How this designer smoothie tricks you to eat less, lose weight
Eric Doucet knows you listen when your stomach speaks. That's why he's trying to come up with a yummy milkshake-style snack that will trick your stomach into telling you to eat less at lunch and dinner.
Mr. Doucet, an assistant professor at the School of Human Kinetics within the University of Ottawa, is an expert in the study and treatment of obesity. He's hoping that the special shakes, taken twice daily at strategic times, will elicit maximum secretions from the hormones associated with fullness in the gastrointestinal tract.
The intention is to get these hunger-curbing peptides to peak just when you are about to sit down for lunch and dinner.
"Basically, the idea is to get people to start their main courses of the day feeling less hungry, to see whether or not this would impact on the amount of food they would eat as well as food selection," said Mr. Doucet.
He is still working on the recipe for the specially designed milkshakes, which will likely contain some blend of fruits and yogurt. "It has to taste good. We're trying to play around with food content, in terms of proteins, fats, and carbohydrates. It gets complicated with proteins -- they give you that powdery taste."
Mr. Doucet explained that the researchers will try to pinpoint how long it takes for the hormone secretions to reach maximum levels in volunteer participants. "It may take 90 minutes, for example. Then we would give them the snack at 10:30 a.m. so the maximum level for this hunger curbing peptide would coincide with the onset of lunch. And the same for dinner."
The first 20 volunteers will participate for a total of nine days in the experimental sessions. "We are hoping they will reduce their spontaneous food intake by more calories than what we are imposing," he said.
"We know from experience that when we're really hungry, we tend to make unwise food choices -- that's when people tend to go for the high-fat, high-sucrose foods. We are trying to manipulate some of the peptides, or some of the hormones, associated with satiety. We know some of these hormones are closely related to fullness," Mr. Doucet said.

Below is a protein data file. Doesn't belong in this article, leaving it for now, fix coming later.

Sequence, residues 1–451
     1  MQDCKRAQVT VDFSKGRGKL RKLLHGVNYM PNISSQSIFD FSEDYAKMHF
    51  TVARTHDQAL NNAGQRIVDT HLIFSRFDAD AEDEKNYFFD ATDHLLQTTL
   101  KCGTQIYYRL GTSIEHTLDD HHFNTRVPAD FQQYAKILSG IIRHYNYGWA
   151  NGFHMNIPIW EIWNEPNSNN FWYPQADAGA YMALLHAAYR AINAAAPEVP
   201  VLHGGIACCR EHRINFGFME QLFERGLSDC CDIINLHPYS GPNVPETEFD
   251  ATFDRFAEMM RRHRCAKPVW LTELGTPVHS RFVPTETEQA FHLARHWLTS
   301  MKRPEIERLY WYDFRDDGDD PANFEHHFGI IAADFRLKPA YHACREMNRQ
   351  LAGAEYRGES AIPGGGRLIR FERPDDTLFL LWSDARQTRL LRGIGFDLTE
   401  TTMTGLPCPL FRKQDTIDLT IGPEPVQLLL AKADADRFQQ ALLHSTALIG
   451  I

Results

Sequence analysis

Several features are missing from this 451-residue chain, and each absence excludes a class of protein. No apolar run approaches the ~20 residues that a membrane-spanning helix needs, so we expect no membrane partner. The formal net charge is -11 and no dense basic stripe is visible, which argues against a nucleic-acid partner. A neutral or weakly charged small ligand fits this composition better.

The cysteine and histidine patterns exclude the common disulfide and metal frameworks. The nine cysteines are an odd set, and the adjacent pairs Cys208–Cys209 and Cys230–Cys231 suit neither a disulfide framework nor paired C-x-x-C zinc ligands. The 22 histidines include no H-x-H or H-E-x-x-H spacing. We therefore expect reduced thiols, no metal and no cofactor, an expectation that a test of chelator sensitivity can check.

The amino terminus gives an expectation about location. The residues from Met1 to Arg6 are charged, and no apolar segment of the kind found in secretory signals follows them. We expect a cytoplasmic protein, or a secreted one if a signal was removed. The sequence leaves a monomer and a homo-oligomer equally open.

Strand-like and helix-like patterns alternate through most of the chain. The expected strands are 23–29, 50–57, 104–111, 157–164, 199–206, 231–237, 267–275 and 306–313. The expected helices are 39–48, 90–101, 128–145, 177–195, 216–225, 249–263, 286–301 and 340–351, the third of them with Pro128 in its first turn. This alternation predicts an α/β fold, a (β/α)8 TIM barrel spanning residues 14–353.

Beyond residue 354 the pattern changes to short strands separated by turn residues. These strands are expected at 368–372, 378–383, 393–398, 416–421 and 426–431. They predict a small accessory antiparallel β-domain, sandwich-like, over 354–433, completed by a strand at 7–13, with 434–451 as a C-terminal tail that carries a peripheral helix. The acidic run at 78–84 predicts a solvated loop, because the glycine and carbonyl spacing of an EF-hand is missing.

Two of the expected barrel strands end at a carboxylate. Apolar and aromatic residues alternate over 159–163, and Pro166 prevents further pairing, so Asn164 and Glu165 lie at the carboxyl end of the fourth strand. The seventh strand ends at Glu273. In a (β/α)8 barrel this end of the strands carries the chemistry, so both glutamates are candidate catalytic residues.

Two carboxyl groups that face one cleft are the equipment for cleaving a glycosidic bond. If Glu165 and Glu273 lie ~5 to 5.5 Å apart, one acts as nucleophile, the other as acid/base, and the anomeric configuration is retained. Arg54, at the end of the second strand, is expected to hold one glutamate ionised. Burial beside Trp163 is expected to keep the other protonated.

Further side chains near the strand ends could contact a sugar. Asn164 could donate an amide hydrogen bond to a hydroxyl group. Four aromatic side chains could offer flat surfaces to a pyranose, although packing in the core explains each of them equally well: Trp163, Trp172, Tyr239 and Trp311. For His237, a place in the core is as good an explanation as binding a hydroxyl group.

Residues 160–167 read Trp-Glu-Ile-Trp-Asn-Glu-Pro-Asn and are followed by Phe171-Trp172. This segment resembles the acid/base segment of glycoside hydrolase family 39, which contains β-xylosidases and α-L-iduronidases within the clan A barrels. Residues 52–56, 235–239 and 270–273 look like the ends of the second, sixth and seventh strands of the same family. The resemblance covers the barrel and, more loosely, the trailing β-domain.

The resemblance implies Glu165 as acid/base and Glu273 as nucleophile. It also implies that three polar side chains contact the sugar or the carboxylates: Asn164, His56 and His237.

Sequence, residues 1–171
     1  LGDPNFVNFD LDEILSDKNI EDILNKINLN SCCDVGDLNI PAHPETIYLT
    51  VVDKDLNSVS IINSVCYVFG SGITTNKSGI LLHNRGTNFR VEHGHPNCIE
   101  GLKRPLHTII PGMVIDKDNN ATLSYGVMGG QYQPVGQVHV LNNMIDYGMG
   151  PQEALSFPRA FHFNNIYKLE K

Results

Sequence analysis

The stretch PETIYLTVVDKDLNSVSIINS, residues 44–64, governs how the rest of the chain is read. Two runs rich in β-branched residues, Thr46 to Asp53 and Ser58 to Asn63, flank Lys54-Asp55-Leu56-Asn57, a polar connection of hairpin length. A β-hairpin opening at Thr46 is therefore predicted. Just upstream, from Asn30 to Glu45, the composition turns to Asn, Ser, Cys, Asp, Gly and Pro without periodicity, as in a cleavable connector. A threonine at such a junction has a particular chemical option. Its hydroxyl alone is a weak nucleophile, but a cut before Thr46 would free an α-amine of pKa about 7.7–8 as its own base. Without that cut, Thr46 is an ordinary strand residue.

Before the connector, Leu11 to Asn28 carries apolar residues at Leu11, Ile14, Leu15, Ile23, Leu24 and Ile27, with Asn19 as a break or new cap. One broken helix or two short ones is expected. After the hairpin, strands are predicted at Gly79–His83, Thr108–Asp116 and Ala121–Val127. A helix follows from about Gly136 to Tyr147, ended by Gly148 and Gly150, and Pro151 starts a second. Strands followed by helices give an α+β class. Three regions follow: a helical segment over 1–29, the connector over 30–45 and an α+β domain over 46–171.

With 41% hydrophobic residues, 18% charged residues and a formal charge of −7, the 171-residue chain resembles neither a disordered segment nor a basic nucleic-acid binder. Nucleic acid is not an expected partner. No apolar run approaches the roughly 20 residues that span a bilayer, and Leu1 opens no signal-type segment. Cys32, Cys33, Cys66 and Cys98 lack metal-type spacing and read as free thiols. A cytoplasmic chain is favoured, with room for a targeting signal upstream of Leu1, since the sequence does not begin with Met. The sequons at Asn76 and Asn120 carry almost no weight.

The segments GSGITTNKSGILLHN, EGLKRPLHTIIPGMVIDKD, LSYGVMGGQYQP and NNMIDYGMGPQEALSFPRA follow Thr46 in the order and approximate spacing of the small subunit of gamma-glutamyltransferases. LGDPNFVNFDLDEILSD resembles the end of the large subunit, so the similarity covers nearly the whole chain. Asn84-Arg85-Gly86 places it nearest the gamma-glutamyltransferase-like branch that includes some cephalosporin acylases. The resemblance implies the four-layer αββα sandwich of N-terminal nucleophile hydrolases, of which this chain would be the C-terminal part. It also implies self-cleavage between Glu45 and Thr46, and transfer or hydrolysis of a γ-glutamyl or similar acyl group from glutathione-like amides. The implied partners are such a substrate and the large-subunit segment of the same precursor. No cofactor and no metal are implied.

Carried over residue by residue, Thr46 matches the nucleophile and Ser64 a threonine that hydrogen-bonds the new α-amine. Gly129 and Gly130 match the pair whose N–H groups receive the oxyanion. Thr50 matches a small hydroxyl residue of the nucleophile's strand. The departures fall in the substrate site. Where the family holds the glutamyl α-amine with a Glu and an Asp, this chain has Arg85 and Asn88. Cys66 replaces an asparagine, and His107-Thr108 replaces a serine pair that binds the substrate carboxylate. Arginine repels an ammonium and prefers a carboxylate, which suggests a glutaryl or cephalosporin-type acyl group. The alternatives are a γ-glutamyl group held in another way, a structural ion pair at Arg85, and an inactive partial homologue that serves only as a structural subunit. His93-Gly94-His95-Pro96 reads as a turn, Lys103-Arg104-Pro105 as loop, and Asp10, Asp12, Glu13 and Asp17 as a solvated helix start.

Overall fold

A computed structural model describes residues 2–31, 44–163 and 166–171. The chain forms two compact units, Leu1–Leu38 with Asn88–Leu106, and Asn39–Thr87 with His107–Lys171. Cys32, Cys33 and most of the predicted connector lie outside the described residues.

If the study confirms the initial hypothesis, he said, the next step would be weight-loss trials. "Obviously, this is not the magic bullet. But hopefully it would be an additional manipulation that would help people have better control over feeding. Instead of actually restricting food intake, you are trying to do some covert manipulation -- you're giving food to reduce food intake."
Mr. Doucet's project is among 60 studies at the University of Ottawa that will be funded by about $13.8 million in grants and scholarships received this week from the Canadian Institutes of Health Research. Some of the funding will be distributed to the university's partner institutions, including the University of Ottawa Heart Institute, the Ottawa Health Research Institute, the Children's Hospital of Eastern Ontario and the University of Ottawa Institute of Mental Health Research.
Mr. Doucet said the study should be completed within 18 months.